Refusal To Participate in Maternal Deaths Review Shows City Has Not Learned from Brooklyn Death
by The Opportunity Agenda, Wed Aug 06, 2008 at 06:27:25 AM EDT
The public recently witnessed the lack of basic care that people are subjected to at Kings County Hospital Center in Brooklyn, New York. A woman was left for dead in the middle of the hospital's psychiatric ward waiting room as staff did nothing but walk away. The evidence in the New York Civil Liberties Union's lawsuit against the city proved that this was not an isolated incident (it just happened to be one of the only ones caught on tape). Unfortunately, New York City's government is not learning from this catastrophe and taking sufficient steps forward to examine their hospitals - Women's eNews is reporting that the city is refusing to participate in a state review of maternal deaths and racial disparities, despite the fact that New York City has the highest number of maternal deaths and one of the largest populations of African-American patients in the country.
The New York City Health and Hospitals Corporation (the same agency that is named in the NYCLU lawsuit as the agency that is responsible for the negligence at Kings County Hospital Center), has refused to participate in the review the Safe Motherhood Initiative is conducting. Pamela McDonnell, a spokesperson for Health and Hospitals Corporation (HHC) said:
We chose not to participate in the Safe Motherhood Initiative simply because we already participate in a number of established monitoring and review processes, measures and collaboratives.
However, one of the main points in the NYCLU's complaint was that the city had insufficient monitoring and oversight measures at its hospitals - it was this lack of oversight that led to last month's death at Kings County, and it could be part of the cause of numerous maternal deaths at city hospitals.
New York's American College of Obstetricians and Gynecologists, in conjunction with the New York State Department of Health, launched the Safe Motherhood Initiative in 2001. The Initiative was established to conduct reviews that facilitate responses to pregnancy-related deaths and eliminate racial disparities in maternal mortality in New York State. However, HHC's refusal to participate will lead to a great deal of information, particularly information on racial disparities among pregnant women in the hospitals, being left out of the review.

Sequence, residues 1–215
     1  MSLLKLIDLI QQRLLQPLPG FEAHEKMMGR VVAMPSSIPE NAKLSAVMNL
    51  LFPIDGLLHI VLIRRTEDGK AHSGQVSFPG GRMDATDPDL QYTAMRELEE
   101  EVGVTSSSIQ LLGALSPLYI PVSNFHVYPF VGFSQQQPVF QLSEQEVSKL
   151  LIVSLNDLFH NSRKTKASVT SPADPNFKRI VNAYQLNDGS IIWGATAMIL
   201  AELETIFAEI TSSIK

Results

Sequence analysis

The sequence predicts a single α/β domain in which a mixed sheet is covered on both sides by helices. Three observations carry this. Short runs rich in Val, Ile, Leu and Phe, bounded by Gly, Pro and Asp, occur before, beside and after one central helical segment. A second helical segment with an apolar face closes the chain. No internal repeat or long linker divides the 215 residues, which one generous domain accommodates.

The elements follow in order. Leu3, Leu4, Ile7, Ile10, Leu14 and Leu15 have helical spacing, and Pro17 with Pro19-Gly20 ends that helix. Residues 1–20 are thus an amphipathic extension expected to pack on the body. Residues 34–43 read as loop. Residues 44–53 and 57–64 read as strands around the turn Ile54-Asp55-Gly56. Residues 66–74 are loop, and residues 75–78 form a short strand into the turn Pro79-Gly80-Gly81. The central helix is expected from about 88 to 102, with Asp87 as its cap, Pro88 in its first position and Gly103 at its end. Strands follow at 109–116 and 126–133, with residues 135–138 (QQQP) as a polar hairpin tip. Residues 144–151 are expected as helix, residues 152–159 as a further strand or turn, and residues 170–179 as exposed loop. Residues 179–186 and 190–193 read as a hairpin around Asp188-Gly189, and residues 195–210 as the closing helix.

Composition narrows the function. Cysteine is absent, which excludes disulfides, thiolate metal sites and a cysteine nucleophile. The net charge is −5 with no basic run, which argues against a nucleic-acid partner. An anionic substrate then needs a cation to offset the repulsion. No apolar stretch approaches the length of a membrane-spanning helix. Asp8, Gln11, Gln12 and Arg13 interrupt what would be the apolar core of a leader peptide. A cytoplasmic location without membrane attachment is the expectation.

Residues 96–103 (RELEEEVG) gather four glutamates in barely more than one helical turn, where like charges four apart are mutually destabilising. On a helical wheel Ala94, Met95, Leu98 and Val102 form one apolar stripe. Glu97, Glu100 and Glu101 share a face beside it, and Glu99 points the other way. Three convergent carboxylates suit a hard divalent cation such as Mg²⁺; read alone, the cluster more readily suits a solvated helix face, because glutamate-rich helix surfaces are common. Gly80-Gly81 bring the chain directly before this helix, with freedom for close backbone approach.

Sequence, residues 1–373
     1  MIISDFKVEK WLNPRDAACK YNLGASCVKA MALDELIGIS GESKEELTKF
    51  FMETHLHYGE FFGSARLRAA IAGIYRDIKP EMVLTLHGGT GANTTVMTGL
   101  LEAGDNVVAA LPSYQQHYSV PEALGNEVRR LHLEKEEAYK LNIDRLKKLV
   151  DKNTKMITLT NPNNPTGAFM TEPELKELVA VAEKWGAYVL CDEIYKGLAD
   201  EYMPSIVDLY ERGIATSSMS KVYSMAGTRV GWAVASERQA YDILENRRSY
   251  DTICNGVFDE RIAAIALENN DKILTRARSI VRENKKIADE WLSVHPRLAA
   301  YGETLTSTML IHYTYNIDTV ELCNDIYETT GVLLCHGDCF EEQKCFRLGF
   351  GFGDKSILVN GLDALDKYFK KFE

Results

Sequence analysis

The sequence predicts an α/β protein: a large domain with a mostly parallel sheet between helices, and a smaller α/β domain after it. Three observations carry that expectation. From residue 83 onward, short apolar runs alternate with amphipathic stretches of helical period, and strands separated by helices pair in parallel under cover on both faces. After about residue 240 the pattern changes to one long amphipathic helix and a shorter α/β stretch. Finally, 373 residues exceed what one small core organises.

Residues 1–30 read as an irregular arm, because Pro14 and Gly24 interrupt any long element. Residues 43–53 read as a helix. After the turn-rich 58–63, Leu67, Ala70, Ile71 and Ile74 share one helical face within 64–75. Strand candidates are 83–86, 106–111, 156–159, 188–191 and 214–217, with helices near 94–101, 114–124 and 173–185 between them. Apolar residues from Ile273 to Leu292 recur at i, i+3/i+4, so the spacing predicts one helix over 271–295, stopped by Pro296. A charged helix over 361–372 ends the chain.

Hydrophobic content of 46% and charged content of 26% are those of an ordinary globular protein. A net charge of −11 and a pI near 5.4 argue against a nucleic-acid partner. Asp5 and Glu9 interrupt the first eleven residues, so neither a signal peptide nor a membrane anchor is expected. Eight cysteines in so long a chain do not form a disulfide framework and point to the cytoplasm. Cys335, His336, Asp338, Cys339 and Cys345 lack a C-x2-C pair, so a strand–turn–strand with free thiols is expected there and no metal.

The first Safe Motherhood Initiative review that came out in 2005 interpreted 33 deaths over the course of 2 years - it found that 60% of those women who died were African American. The review examined the deaths of these women in detail and sought to determine what the cause of the racial disparity was. According to Women's eNews:
In 2004, black women were nearly four times as likely to die in childbirth as white women nationwide, and had a maternal death rate of 34.7 per 100,000 live births compared to 9.3 deaths per 100,000 live births for white women...
Designed to discover and interpret major risk factors, [director of New York's American College of Obstetricians and Gynecologists Donna] Montalto's State Maternal Mortality Review surveys--among many data--the deceased woman's occupation, primary language, education, insurance coverage, prenatal care, method of delivery and history of sexually transmitted diseases. It asks if the pregnancy was intended or unintended. It might also help explain why African American women represent a disproportionate amount of maternal deaths.
The Opportunity Agenda's report on New York City's health care system, Dangerous and Unlawful: Why Our Health Care System Is Failing New York Communities and How To Fix It, showed the unequal and inadequate access to health care that many communities, particularly communities of color, are faced with. This lack of access and poor quality was most evident in the absence of primary care for many New Yorkers. Incidentally, the last Safe Motherhood Initiative review found that inadequate prenatal care was one of the main causes of the racial disparity in maternal deaths in New York State. Prenatal care is something that many women get through their gynecologist as part of their primary care; thus, the lack of decent primary care can lead to many women in communities of color having at-risk pregnancies.
The problems in the city's health care system was exemplified by last month's disaster at Kings County Hospital. It is to the detriment of all New Yorkers that HHC is refusing to participate in the Safe Motherhood Initiative's review - it is crucial that we address health disparities and find real solutions to the problems in the state's health care system, but the city has to play a role in doing this. HHC says its mission is:
To extend equally to all New Yorkers, regardless of their ability to pay, comprehensive health services of the highest quality in an atmosphere of humane care, dignity and respect.
The death of Esmin Green last month showed that HHC is not succeeding in its mission. Its decision not to participate in the Safe Motherhood Initiative review is another one that could lead to an unnecessary, preventable death at a city hospital. The city needs to work to address these problems - until it does, our communities will suffer.